FIJI – 18th February to 4th March 2010
This was a little side trip that we decided upon only 5 days earlier.
All day travelling. Arrived at the Sofitel Resort Denaurau Island near Nadi (pronounced Nandee) on the main island of Fiji Viti Levu.
Fiji has a population of just over 800,000 and comprises 330 islands, although many are uninhabited. Half of the population is of Indian origin having been brought here by the British in the 1860s to grow the sugar cane that comprised the backbone of the economy until tourism took off.
Spent orientating, relaxing and organising some trips for our 2 weeks here. Although very good of its type, we have some doubts about choosing a “resort”. The whole island is resorts (Sheraton, Radisson, Hilton, Sofitel) and is gated. This gives security but makes it more difficult to see the real Fiji.
Beginning to feel more relaxed. Trip out to the Sleeping Giant Garden which was the private garden of the actor Raymond Burr. Then we saw the village of Viseisei, the reputed landing place of the first residents of Fiji, who came from Africa! This is also the village of the President that retired 2 months ago at the age of 90 and with Parkinsons. Finally a visit to the hill top home of Rosie the founder of the tour company. The house looked relatively modest but the views in all directions were fabulous. In one direction the mountains, including the one that looks like a sleeping giant, and in the other that sea.!
Took trip in minibus to capital city, Suva, with a population of (variously given) 125-250,000. The road followed the coastal strip between the sea and the inland hills. There were several villages, all relatively small, in the journey of perhaps 90 miles. The houses showed a relatively poor country but not the abject poverty we have seen in some countries. They were mainly small single storey concrete block houses with corrugated iron roofs. Some were entirely made of corrugated iron. A very few were platted palm leave walls under thatched roofs. The second industry in the country is sugar cane but some farmers are giving this up in favour of tobacco. In general there was a noticeable lack of agriculture, with no indication of animals and much re-forested land that appeared to have been cleared in the past. We saw a number of ox drawn ploughs and quite a lot of horses grazing at the roadside, some tethered and some not. The road itself is the only sealed road that covers about half of the coastal route and is largely narrow but with occasional 3 lane sections for overtaking in the Australian mode.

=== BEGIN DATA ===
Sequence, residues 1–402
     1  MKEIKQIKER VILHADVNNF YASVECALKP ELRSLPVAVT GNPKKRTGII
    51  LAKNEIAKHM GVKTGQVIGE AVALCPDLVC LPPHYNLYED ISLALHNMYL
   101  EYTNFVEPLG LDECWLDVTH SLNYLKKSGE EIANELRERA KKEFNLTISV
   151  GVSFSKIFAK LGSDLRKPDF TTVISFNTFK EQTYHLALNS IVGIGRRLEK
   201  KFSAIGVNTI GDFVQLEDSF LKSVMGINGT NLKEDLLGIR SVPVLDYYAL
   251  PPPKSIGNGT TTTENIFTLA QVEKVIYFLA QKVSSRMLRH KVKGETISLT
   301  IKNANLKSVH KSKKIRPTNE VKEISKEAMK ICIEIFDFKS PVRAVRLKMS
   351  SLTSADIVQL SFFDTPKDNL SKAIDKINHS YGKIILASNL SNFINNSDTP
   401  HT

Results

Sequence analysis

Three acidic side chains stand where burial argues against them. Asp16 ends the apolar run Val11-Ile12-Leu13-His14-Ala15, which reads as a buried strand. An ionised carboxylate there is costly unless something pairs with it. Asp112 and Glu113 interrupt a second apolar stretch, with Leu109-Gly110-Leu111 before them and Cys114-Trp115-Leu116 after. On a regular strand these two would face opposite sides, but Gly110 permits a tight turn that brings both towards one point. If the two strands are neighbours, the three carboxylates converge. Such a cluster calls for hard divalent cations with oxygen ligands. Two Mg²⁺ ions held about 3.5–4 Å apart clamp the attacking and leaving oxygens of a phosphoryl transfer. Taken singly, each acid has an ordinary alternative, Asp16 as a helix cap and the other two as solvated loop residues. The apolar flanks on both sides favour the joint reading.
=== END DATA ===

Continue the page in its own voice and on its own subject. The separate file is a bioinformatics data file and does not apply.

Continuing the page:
Suva appeared to be small as to its centre. We were interested to see three bible colleges. As usual government buildings are the best, especially the large new inland revenue. The shops were a mixture of some new western style and many older small stores. However, as this is the principal city and tourism the principal industry there appeared little provision or attraction for tourists.
We learned that fees are charged for all levels of education. There is approximately 80% literacy. There is no social security and the minimum wage is given as $1-3 (Fiji) ph. This is up to £1 sterling.
Despite the books saying that tipping is not encouraged, there is clearly a culture of this and really a need.
Fantastic day trip – one of our best ever. We had a minibus to the town of Sigatoka and then a taxi for about 20 minutes along dirt roads to where we picked up our jetboat. Then an exciting and scary ride for about 30 minutes to the village of Nalebaleba. The river was quite shallow with occasional banks of shingle and with many fallen trees. We went weaving between these at great speed (guess at 30-40mph). The scenery was lovely tree covered hills. We passed people sitting in the river to keep cool, bringing their horses to drink, playing and fishing. All waved cheerily.